Most of this should already exist in your nginx configuration, but note the limit_req_zone line towards the bottom. This is a measure to help prevent overloading your node by setting up some request throttling.

One more file needs to be added to finish off this configuration, the actual file inside of /etc/nginx/sites-enabled. If this server isn't going to be used for anything else, remove all of the default configurations from that folder and add the following:

nginx vhost config:

/etc/nginx/sites-enabled/default.conf

``` upstream websockets { server 127.0.0.1:5090; server 127.0.0.1:5091; }

server { listen 80; server_name _; root /var/www/html/;

keepalive_timeout 65;
keepalive_requests 100000;
sendfile on;
tcp_nopush on;
tcp_nodelay on;

location ~ ^(/|/ws) {
    limit_req zone=ws burst=5;
    access_log off;
    proxy_pass http://websockets;
    proxy_set_header X-Real-IP $remote_addr;
    proxy_set_header Host $host;
    proxy_set_header X-Forwarded-For $proxy_add_x_forwarded_for;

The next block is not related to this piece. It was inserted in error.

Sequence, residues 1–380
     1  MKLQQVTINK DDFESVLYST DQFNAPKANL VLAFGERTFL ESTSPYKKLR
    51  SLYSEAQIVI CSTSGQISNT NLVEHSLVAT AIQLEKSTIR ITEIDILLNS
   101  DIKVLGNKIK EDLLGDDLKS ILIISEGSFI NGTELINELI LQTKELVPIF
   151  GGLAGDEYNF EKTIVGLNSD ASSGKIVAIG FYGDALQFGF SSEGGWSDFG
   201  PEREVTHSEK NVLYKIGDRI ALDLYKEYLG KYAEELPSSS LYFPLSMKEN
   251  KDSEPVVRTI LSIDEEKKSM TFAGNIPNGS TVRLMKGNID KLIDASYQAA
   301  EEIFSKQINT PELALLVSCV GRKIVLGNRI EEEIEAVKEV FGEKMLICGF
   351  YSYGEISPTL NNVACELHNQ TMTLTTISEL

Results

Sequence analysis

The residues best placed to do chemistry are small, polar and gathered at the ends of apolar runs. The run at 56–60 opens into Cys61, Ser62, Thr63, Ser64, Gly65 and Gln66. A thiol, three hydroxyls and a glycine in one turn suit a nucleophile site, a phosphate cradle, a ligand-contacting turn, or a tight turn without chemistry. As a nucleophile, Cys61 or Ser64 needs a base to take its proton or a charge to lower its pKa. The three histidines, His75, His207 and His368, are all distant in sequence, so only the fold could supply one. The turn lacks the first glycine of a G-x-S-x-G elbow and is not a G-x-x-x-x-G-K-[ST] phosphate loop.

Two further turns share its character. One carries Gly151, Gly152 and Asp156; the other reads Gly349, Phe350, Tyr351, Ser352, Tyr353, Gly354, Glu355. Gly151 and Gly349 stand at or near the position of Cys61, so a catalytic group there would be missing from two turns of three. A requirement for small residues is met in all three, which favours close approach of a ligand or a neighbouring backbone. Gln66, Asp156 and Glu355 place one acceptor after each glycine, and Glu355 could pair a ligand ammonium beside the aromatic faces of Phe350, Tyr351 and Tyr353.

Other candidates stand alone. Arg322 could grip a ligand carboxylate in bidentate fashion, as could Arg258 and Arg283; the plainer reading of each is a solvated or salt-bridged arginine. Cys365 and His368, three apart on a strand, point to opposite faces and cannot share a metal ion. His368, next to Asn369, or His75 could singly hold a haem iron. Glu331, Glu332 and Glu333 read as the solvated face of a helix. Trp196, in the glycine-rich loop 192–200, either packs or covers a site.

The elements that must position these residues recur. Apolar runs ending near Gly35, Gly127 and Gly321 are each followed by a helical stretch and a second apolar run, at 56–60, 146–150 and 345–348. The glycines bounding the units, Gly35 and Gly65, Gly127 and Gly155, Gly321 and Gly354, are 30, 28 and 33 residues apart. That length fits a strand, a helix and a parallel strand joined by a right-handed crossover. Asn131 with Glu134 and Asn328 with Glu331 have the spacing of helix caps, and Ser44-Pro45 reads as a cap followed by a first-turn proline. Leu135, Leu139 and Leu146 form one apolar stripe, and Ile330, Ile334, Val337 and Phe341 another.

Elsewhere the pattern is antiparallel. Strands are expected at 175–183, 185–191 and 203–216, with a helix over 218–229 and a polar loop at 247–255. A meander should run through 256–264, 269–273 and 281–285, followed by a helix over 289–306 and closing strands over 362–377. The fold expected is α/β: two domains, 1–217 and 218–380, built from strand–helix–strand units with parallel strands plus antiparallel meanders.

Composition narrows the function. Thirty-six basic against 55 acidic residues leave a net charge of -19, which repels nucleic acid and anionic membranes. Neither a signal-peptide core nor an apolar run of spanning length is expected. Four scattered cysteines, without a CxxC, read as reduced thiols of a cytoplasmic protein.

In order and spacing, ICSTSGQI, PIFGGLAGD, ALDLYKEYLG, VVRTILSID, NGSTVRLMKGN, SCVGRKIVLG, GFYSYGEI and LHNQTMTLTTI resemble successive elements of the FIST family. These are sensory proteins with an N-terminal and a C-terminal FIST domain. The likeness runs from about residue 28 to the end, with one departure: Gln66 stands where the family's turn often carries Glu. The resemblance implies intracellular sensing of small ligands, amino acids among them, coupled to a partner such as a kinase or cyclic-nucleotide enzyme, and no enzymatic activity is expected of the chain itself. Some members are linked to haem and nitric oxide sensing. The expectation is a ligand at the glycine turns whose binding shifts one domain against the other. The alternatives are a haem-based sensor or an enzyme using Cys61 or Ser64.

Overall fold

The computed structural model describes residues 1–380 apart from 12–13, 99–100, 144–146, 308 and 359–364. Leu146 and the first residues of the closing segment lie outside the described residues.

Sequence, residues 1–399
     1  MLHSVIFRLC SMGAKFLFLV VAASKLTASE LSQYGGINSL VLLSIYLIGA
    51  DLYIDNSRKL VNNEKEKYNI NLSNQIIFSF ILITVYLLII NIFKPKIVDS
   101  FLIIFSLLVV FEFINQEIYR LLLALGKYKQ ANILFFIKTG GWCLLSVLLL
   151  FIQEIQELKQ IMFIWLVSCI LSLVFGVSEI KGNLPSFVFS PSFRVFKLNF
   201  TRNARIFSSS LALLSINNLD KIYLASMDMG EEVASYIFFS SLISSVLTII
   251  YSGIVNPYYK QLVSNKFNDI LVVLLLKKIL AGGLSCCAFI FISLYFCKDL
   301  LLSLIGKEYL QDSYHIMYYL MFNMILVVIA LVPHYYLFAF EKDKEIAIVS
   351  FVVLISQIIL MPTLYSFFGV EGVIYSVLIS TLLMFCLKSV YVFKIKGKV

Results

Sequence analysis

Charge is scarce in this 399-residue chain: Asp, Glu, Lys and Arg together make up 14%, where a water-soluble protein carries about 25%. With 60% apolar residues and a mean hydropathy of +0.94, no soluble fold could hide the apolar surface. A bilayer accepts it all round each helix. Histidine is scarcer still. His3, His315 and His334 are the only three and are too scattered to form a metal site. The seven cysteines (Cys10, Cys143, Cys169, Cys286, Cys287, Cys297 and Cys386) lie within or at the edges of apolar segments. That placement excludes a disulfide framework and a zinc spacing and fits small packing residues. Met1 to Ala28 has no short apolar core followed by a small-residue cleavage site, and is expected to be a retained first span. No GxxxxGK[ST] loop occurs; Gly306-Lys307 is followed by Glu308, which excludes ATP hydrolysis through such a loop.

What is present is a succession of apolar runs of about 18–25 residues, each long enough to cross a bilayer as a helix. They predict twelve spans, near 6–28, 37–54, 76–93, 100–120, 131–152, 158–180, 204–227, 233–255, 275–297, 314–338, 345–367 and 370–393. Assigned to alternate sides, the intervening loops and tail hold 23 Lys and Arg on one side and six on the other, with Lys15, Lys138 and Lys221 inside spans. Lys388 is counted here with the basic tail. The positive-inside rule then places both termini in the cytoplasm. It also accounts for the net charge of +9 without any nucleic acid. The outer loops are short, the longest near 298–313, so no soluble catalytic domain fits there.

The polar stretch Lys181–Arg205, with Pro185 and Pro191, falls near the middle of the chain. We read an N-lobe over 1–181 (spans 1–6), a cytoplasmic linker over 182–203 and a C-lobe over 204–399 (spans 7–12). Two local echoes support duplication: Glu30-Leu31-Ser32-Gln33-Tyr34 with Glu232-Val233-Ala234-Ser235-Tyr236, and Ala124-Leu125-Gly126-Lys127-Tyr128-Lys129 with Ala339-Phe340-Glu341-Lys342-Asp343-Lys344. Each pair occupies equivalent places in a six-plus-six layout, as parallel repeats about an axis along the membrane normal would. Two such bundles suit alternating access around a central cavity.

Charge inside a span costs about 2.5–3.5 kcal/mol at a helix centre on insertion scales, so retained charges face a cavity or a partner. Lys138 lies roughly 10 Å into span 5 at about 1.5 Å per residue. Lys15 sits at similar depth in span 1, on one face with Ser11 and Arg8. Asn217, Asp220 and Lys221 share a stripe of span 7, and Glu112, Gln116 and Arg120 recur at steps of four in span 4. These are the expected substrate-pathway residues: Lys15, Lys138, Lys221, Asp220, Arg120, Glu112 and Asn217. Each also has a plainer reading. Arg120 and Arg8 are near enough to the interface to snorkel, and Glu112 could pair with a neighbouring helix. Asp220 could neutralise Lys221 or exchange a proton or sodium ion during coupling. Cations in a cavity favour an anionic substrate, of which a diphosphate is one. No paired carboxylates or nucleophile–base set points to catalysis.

proxy_next_upstream error timeout invalid_header http_500;
    proxy_connect_timeout 2;
    proxy_http_version 1.1;
    proxy_set_header Upgrade $http_upgrade;
    proxy_set_header Connection "upgrade";
}

} ```

Reload nginx with service nginx reload and your server should now be responding on port 80 with the steemd nodes you just created. If you load it with a web browser, or just curl http://localhost it should return:

``` 11 eofexception: End Of File stringstream {} tha sstream.cpp:109 peek

{"str":""}
th_a  json.cpp:478 from_string

```

(which is totally ok, as your web browser isn't issuing the proper request)

Congrats!

You're now running a fully featured web node that will return content, following information, tags, account history and plenty of other information! Go forth, build awesome things, and help make the steem community even greater! :)

Something missing?

If you know of something that should be included in this guide, please let me know. I'm looking to help build a comprehensive guide so others can start hosting their own web APIs.

$ 388.472 SBD